The reality is that the "Warwick juggernaut" that, according to its own published deadlines, is at this very moment carrying out assessment and selection of academic staff for redundancy in preparation for the establishment of the new school as early as September, would prove a tough one to halt.
This is a view that last week's extraordinarily overdue meeting between the amalgamation's driver Professor Stuart Palmer and concerned industry representatives did little to dispel, focusing instead on a "modest" proposal for an industry-led unit at the site.
While we don't know what is on Mr Benn's mind, his last-minute intervention after months of lobbying by the production horticulture community, no doubt reflects mounting pressure on Defra to turn its new-found focus on food security and the need to expand UK production of vegetables and fruit into action. As last summer's report of the inquiry by the influential environment, food and rural affairs committee into food security put it: "Defra must recognise that calling for more domestic food production is one thing, but it cannot order that this be done. It must, however, lay out clearly what role it has in helping the UK food and farming industries to achieve this objective." Tackling applied horticultural R&D would of course be a critical first step.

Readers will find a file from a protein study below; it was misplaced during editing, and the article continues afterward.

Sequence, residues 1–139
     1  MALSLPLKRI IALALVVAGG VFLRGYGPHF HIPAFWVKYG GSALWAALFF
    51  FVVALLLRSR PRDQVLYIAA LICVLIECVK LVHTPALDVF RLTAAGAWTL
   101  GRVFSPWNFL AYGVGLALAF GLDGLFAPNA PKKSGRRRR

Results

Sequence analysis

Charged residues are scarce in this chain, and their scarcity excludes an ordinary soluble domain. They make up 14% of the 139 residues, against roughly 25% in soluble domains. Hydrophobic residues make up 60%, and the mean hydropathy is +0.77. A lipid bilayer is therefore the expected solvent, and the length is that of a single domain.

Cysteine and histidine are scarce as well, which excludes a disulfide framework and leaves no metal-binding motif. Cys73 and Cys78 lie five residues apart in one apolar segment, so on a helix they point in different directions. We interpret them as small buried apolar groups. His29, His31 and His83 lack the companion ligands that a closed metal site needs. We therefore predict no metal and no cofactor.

As we noted last November when news broke that Warwick was to press ahead with its life sciences plan, with applied horticultural R&D its most likely sacrificial lamb, while the university's handling of the move had been poor, ultimately it was not to blame for the mess. The prime cause was years of cuts in government funding for horticultural R&D, exacerbated in recent years by Defra's decision to put production horticulture on a back burner.
Now it appears the fog is starting to clear in Whitehall, the fearmust be whether intervention now will be too little, too late.
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